This is not so ‘off topic’ as you might think. Returning to my first piece in August 2011, I began this blog in Search of Plumtopia:
Wodehouse, affectionately known as Plum, sets such pleasingly lofty standards for humanity that perhaps what I’m really seeking is Plumtopia..
The decision to blend Utopia with Wodehouse’s Plum (the name by which he was known throughout his life) was a conscious decision that reflected my purpose exactly. I was disgruntled with the world** and found the one Wodehouse created to be a better one. Five years later, I’ve seen more of the world, but I’m no more gruntled than I was in 2011. And I continue to hold with the unfashionable notion that Utopia is worth striving for.
Plumtopia has not fulfilled the serious-minded promise of this first post, thank goodness, but the 500th anniversary of Utopia provides a fitting occasion to revisit my original idea of Wodehouse’s world as a Utopian ideal. This may cause some of you to click your tongues.
He then said something about modern enlightened thought which I cannot repeat.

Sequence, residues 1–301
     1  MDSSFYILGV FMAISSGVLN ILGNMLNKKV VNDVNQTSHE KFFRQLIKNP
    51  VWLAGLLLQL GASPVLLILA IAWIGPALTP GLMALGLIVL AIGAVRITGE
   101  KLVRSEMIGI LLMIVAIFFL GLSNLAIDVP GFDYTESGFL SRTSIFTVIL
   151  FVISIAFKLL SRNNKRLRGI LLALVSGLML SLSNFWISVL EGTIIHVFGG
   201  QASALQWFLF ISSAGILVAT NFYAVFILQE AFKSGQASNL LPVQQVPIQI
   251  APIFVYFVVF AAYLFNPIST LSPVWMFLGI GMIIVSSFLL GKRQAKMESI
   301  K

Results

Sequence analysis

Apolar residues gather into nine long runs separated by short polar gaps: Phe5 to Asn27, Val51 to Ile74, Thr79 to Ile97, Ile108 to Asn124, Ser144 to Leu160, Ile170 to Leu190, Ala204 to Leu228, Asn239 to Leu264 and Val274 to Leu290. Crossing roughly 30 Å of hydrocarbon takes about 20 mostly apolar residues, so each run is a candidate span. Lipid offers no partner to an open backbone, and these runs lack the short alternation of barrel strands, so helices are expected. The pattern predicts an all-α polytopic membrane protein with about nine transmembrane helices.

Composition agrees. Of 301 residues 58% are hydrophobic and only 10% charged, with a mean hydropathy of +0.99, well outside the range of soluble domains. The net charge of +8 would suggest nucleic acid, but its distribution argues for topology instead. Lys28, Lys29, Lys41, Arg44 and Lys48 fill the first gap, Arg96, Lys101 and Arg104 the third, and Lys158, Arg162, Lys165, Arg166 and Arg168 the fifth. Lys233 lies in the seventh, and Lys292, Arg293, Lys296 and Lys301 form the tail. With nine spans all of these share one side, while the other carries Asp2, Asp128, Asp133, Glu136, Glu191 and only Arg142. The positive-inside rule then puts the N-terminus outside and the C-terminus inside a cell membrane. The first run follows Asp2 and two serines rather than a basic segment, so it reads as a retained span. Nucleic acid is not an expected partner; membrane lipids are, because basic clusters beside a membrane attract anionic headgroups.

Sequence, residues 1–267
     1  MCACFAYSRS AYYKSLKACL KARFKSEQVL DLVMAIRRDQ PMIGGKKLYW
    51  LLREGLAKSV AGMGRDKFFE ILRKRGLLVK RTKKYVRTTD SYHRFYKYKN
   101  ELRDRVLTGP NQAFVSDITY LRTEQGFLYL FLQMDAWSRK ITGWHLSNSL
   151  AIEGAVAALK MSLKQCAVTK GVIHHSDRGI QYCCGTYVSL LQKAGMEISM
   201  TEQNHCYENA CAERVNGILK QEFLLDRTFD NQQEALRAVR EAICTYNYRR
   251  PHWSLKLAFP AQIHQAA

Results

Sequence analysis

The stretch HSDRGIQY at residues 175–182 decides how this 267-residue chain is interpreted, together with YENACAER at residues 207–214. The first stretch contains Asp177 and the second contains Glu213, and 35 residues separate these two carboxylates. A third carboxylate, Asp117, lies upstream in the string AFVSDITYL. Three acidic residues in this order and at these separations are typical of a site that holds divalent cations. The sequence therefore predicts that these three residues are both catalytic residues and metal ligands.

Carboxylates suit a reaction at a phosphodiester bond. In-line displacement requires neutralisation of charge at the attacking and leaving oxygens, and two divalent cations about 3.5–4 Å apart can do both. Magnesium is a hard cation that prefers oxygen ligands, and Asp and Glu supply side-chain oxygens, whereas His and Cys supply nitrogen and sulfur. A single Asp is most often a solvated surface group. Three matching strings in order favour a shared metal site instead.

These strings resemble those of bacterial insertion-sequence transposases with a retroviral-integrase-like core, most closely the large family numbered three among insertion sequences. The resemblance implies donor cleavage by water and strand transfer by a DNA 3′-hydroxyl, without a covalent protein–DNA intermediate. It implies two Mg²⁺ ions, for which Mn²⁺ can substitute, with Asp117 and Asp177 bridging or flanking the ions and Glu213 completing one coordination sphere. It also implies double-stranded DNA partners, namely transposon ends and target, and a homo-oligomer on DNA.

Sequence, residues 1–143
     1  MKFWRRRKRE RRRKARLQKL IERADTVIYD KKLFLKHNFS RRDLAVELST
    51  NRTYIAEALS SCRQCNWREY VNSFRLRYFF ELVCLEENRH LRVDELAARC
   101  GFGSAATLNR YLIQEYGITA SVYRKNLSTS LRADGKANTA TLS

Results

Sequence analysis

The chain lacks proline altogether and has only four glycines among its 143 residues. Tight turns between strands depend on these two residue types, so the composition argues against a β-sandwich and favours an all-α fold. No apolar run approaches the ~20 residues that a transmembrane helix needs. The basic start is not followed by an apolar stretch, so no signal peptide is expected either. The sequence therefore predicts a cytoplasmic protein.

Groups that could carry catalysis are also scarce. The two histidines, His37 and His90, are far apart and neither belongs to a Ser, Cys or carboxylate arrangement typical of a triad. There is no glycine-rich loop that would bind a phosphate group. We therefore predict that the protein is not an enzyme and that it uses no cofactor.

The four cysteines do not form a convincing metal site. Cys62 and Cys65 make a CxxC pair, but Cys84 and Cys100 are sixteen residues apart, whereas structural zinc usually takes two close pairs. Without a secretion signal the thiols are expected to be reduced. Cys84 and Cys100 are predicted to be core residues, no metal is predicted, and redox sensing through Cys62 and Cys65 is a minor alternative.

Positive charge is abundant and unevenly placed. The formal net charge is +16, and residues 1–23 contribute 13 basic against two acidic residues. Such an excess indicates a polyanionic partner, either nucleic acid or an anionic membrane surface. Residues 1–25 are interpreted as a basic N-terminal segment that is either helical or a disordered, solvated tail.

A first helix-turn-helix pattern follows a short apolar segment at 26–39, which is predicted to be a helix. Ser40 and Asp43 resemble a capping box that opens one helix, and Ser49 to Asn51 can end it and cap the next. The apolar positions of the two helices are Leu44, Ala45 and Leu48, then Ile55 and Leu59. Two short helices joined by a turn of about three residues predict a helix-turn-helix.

Joy in the Morning (1946)
Rest assured I shall resume my usual hearty ‘what ho-ing’ in due course, and in the meantime hope that you’ll indulge me.
The world Wodehouse created doesn’t quite fit the given definition of Utopia. As the product of fiction it is part-imagined, but it’s a world with firm roots in the Edwardian era of Wodehouse’s early life. Wodehouse experts, including the late Norman Murphy, have made countless connections between characters and locations in Wodehouse’s fiction and real-life examples. Wodehouse himself, discussing the world of Bertie Wooster in a Preface to Joy in the Morning (1946), said:
The world of which I have been writing every since I was so high, the world of the Drones Club and the lads who congregate there was always a small world –one of the smallest I ever met, as Bertie Wooster would say. It was bounded on the east by St. James’s Street. on the west by Hyde park Corner, by Oxford Street on the north and by Piccadilly on the south. And now it is not even small, it is non-existent.
The world Wodehouse depicted is recognisably and authentically of its time and, reading beyond the Drones stories, takes in much wider territory than the boys of London SW1. And yet his world is widely considered to have never existed. How can this be?
Perhaps it’s the things he left out – war, violence, poverty, injustice, death and disease are, with rare exceptions, absent from his writing. It’s not my place to speculate on Wodehouse’s reasons, but none of these subjects are intrinsically funny, and it’s not unreasonable that a writer of humour should give them a wide berth. The result is a world that perhaps appears more fictional than real.